Firefighters' Prayers Page for all
our Fallen Firefighters in New York and everywhere.
A Firefighter's Prayer
When I answer a call,
I never know what my fate may be
So, as I run out the door,
I ask God to watch over me
No matter what I may face
and the danger that awaits
I Just say a little prayer
'cause in His hands lie my fate
By doing this, I feel a little bit safer
If you need a reason, this is what I pray for :
I pray for my fellow firefighters and me
I pray for our families
I pray for my mom and my dad
And what a wonderful life I have
I pray for a safe return
And that no one gets burned
I pray that no matter what ill fate
Our lives to take, God will wait
But, if He doesn't, we shall unserstand
Why God had to take such a brave man
A couple of seconds is all it takes...
When duty calls me, oh Lord, my partner,
When flames do their destructive work,
Give me strength to save lives
And, above all, keep my courage bright.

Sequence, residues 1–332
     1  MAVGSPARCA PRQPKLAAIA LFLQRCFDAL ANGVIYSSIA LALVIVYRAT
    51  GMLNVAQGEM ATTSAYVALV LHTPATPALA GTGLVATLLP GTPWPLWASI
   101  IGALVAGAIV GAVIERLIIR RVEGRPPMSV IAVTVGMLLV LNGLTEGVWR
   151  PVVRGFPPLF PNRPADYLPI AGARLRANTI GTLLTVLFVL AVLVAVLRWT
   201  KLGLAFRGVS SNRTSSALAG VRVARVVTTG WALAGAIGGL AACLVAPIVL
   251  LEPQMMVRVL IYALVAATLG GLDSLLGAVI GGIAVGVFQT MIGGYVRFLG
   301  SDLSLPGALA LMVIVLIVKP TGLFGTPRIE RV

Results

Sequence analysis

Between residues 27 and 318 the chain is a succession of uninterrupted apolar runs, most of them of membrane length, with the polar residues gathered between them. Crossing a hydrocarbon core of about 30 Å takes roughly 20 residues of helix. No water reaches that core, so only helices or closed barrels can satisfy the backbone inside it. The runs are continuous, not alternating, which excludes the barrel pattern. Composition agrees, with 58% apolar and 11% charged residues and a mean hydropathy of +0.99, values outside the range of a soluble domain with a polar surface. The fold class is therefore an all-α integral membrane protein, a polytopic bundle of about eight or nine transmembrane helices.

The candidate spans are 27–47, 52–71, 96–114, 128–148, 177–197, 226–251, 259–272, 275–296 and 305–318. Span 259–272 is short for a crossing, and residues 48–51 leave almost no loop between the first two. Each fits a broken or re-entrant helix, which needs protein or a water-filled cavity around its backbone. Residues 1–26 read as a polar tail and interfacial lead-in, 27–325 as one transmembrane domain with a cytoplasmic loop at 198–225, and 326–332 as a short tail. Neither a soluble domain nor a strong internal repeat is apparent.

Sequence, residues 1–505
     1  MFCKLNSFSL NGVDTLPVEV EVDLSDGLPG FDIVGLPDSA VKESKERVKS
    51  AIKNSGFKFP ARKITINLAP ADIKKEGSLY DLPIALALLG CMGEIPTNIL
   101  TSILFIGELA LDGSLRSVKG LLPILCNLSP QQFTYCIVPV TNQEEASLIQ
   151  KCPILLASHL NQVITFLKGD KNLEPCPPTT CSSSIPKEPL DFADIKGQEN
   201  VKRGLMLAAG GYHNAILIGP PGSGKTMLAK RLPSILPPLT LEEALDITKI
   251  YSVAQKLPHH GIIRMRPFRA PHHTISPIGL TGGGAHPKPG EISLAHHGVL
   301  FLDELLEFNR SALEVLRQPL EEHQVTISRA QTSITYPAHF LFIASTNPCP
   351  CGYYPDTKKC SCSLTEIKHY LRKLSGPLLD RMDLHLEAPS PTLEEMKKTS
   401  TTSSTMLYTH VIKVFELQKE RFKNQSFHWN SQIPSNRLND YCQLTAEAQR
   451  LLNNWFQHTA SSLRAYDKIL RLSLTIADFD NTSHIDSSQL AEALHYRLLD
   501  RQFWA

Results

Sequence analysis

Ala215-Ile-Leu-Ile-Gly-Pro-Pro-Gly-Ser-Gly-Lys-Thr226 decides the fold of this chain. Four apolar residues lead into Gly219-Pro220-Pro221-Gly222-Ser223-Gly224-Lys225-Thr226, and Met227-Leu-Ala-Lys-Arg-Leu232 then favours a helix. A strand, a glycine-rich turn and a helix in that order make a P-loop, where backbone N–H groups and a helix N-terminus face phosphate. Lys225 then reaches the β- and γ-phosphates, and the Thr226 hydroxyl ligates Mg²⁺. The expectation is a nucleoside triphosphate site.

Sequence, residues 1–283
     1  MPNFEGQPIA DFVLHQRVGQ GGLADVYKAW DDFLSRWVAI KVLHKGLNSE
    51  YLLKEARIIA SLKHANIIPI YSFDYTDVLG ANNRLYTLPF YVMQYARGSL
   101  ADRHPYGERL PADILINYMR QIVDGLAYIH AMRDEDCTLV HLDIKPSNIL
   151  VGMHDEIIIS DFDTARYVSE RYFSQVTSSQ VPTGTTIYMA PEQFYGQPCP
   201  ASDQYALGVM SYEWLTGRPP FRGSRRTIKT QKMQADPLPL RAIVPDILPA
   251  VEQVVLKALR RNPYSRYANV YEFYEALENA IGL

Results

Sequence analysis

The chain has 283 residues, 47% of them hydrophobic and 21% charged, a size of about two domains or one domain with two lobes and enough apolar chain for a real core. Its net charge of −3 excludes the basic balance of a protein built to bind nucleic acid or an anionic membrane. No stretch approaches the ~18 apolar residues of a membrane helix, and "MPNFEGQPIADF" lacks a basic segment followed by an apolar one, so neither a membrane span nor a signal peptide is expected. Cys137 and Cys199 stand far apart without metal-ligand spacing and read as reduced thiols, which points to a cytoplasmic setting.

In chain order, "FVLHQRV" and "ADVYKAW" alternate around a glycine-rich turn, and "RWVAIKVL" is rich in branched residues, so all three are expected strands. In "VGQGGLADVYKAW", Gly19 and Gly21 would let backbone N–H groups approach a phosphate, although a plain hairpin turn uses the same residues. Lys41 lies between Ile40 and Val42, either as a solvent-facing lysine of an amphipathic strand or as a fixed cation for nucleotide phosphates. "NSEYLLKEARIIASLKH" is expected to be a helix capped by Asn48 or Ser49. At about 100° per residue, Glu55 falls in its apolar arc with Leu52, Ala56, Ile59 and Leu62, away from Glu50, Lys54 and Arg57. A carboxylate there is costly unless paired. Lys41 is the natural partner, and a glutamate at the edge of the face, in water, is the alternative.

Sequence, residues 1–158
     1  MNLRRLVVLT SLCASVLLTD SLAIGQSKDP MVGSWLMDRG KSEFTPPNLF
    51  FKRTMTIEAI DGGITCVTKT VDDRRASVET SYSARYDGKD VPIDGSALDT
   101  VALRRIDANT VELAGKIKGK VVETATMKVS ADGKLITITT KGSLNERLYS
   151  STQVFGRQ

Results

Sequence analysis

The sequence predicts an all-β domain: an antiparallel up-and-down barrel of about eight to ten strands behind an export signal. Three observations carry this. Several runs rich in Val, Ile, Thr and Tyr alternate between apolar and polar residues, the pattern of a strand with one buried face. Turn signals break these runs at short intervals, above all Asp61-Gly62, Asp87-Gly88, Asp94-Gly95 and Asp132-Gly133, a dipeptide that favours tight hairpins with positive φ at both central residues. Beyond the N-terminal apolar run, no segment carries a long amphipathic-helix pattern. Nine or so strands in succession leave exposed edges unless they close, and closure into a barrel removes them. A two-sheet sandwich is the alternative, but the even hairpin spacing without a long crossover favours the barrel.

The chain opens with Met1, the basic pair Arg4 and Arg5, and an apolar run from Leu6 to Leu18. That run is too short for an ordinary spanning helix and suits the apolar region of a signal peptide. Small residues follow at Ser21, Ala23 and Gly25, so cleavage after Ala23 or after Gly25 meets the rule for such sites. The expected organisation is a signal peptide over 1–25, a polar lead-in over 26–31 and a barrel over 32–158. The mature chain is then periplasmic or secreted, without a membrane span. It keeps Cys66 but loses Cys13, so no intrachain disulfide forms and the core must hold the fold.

With you will I reach, before it's too late,
The injured child, the helpless old person,
With your generosity, may I be able
To spare them the horror of such an end.
Since I must always be alert,
I pray thee, oh Lord, guide my every move,
And in the infernal tumult of the fire
Let me hear the feeblest cry.
I will glory in the fulfillment of my destiny,
For is not life-saving the most noble calling?
When the storm is over and all have returned home,
Then will I be proud to have helped my neighbor.
If it should happen, by thy will,
That I must give my life,
I pray thee, protect my family
And bless this firefighter who is yours.
Other words and poems about and
I provide a faceless,
nameless service to a community that rarely knows how much they need me.
If I am called from a